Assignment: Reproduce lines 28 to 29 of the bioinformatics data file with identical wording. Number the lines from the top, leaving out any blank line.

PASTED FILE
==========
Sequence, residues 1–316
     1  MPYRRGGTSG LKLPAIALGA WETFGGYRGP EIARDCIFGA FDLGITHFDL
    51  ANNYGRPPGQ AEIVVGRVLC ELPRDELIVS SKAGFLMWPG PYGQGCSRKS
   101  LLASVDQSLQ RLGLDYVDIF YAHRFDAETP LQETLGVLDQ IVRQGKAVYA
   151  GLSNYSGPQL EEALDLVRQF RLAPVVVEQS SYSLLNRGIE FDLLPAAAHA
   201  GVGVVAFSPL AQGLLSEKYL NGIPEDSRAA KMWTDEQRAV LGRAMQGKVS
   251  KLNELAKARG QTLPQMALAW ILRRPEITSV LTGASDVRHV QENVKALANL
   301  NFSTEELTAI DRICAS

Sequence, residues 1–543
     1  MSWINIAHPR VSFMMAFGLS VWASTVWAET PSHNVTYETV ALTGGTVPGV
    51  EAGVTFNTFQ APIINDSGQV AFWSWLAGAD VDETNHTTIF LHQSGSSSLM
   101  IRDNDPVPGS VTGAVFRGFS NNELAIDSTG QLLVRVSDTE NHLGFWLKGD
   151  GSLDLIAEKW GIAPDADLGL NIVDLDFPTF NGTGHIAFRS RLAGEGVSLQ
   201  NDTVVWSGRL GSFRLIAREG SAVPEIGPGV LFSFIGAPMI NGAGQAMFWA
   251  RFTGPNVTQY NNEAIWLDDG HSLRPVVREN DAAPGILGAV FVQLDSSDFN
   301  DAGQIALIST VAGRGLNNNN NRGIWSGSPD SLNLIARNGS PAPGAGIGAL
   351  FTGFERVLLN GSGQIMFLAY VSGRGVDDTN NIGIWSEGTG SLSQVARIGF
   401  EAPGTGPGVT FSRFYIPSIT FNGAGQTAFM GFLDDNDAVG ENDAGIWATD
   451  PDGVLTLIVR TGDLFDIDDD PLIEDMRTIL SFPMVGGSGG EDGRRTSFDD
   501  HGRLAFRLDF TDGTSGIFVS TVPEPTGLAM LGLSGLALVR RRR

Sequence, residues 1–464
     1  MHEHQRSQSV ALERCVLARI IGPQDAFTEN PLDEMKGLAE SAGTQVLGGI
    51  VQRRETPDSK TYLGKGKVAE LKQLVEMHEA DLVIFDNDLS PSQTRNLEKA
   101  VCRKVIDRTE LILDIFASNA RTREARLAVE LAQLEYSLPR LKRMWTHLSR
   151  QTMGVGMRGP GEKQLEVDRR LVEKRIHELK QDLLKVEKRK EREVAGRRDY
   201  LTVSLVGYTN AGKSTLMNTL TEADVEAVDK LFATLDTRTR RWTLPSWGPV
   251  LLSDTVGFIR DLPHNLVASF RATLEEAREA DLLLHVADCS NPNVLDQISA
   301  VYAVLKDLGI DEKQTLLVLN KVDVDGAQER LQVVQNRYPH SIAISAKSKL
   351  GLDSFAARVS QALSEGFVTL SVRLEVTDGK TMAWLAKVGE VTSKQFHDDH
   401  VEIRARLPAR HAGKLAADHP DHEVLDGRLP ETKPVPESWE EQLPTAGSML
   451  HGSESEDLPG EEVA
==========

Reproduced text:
   301  VYAVLKDLGI DEKQTLLVLN KVDVDGAQER LQVVQNRYPH SIAISAKSKL
   351  GLDSFAARVS QALSEGFVTL SVRLEVTDGK TMAWLAKVGE VTSKQFHDDH